When a book of mine was shortlisted for an award a few years ago – some of whose previous winners are among my favourite books – my delight at not winning was roughly equivalent to scoring a late winner in the cup final. I hadn’t, thank goodness, devalued the award and those previous winners by having my name added to the list.

Yet despite all this, I keep doing it. Until I learned of the existence of imposter syndrome, I’d assumed every author experienced the same thing and this was just how it felt to write books. Also I reminded myself that self-doubt is healthy in a writer, it fosters empathy and, who knows, maybe even some kind of insight. The work of writers who can’t see past their ginormous self-regard is limited, I thought, by having to reach around their whopping egos to type.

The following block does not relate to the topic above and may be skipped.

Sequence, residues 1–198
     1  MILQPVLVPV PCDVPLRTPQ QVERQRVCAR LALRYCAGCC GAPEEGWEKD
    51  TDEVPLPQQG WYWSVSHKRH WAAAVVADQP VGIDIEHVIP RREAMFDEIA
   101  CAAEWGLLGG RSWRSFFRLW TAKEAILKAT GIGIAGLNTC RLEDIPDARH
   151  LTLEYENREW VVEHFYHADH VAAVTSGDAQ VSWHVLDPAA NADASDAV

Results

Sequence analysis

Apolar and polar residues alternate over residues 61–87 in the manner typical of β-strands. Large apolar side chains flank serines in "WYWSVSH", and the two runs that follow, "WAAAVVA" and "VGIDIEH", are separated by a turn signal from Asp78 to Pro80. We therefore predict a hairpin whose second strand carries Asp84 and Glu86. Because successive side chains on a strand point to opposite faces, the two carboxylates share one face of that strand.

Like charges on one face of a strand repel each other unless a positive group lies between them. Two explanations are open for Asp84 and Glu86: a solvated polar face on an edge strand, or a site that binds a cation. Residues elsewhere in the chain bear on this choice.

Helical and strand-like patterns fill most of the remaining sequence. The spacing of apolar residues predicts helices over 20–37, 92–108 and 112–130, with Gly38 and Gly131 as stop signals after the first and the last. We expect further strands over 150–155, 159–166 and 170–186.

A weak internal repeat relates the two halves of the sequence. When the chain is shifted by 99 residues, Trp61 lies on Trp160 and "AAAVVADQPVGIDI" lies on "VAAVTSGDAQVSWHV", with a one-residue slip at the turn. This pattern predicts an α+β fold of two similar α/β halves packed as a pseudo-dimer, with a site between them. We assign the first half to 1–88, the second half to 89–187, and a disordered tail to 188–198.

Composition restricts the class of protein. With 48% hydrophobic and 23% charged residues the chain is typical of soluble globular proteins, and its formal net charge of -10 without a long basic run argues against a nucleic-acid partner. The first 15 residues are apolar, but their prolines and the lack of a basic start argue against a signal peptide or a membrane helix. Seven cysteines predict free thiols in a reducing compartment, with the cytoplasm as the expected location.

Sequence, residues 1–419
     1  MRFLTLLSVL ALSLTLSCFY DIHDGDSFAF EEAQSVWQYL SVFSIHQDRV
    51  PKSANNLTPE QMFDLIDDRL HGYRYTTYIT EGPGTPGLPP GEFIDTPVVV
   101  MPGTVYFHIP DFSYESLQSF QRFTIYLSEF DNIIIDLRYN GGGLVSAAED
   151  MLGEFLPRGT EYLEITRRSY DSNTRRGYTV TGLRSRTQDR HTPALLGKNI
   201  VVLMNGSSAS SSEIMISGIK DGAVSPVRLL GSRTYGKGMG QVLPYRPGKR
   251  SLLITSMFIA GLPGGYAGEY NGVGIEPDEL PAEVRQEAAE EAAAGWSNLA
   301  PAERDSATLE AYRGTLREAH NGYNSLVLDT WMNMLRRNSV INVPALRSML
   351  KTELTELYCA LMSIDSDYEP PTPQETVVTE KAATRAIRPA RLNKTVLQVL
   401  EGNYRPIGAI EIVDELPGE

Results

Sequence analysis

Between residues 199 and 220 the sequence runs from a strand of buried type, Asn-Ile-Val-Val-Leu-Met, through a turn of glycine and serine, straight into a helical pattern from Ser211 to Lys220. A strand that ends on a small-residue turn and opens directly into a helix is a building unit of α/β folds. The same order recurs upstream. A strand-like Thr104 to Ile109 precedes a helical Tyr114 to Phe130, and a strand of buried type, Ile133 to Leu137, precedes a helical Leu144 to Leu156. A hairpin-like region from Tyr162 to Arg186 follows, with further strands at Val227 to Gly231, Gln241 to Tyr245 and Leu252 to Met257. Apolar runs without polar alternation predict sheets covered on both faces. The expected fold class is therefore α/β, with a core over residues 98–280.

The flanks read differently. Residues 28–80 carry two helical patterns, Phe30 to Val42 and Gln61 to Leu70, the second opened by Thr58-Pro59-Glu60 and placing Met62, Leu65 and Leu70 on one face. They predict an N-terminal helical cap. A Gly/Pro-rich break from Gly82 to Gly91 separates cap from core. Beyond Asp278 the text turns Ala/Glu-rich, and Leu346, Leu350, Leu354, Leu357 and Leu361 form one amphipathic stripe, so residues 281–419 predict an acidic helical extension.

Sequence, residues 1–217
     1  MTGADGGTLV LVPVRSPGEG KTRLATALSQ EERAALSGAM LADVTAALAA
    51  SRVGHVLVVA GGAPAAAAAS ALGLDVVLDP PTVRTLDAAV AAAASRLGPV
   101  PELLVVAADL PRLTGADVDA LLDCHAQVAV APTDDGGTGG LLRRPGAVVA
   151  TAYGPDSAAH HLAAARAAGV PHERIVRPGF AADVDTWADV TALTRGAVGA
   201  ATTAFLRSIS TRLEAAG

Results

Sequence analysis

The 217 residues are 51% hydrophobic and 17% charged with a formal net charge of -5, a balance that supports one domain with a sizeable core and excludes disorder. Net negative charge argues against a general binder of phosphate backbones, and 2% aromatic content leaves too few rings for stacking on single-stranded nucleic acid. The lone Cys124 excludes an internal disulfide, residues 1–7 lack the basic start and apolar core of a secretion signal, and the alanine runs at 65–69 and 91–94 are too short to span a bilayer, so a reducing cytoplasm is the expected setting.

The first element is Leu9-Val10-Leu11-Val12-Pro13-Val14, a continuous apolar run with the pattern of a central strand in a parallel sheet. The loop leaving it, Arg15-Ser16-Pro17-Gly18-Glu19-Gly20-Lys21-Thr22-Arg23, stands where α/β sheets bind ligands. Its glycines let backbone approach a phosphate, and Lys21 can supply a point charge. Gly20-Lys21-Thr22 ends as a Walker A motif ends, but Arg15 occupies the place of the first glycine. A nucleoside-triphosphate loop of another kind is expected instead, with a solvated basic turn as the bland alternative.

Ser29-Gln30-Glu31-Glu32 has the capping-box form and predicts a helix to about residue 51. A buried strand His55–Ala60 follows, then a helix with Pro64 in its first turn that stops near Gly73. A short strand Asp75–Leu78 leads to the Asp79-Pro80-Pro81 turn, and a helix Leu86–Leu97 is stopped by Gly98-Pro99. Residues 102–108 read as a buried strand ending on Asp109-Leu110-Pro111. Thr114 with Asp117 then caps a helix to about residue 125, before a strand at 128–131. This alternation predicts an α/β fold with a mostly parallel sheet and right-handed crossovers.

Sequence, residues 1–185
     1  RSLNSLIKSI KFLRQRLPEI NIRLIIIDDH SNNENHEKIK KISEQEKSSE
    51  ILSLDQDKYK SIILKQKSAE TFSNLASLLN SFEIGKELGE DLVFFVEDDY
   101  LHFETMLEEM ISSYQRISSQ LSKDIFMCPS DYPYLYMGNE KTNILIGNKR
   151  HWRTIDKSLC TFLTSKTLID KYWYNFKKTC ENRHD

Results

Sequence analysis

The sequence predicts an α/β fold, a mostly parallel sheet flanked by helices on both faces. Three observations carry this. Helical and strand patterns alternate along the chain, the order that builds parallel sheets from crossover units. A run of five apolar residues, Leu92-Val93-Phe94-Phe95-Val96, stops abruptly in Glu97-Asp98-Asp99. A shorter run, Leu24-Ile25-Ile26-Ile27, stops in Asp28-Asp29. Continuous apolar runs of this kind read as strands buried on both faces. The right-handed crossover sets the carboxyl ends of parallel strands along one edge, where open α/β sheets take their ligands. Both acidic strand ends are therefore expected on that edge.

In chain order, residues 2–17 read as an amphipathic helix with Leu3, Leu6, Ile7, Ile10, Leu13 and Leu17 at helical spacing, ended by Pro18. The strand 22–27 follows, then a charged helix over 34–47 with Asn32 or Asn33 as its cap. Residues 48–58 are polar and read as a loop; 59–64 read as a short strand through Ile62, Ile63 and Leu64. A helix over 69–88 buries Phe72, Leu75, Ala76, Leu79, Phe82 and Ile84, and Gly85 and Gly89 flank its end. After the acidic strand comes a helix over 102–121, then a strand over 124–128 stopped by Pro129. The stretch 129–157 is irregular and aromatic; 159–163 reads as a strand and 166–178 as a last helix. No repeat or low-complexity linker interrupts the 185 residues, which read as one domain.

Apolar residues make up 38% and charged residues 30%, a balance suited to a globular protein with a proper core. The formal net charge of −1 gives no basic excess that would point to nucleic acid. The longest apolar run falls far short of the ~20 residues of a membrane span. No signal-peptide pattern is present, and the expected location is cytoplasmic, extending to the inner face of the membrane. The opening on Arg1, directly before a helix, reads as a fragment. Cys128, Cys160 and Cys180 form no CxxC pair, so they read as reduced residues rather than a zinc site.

But there’s self-doubt and there’s, well, this.

It feels strange writing about my own experience, as if I’m even being an imposter in the world of imposter syndrome. I am also a bloke enjoying the inherent advantages that bestows in a patriarchal world, so I fear I’m also annexing what has primarily been a women’s space.

But surely, as with any mental health issue, airing is better than stifling, and I’m certain I’m not the only male writer to recognise this in himself. Not least when one of the greatest male writers of them all struggled with imposter syndrome.

In a journal he kept while writing The Grapes of Wrath, John Steinbeck kept returning to how “I’m not a writer. I’ve been fooling myself and other people”.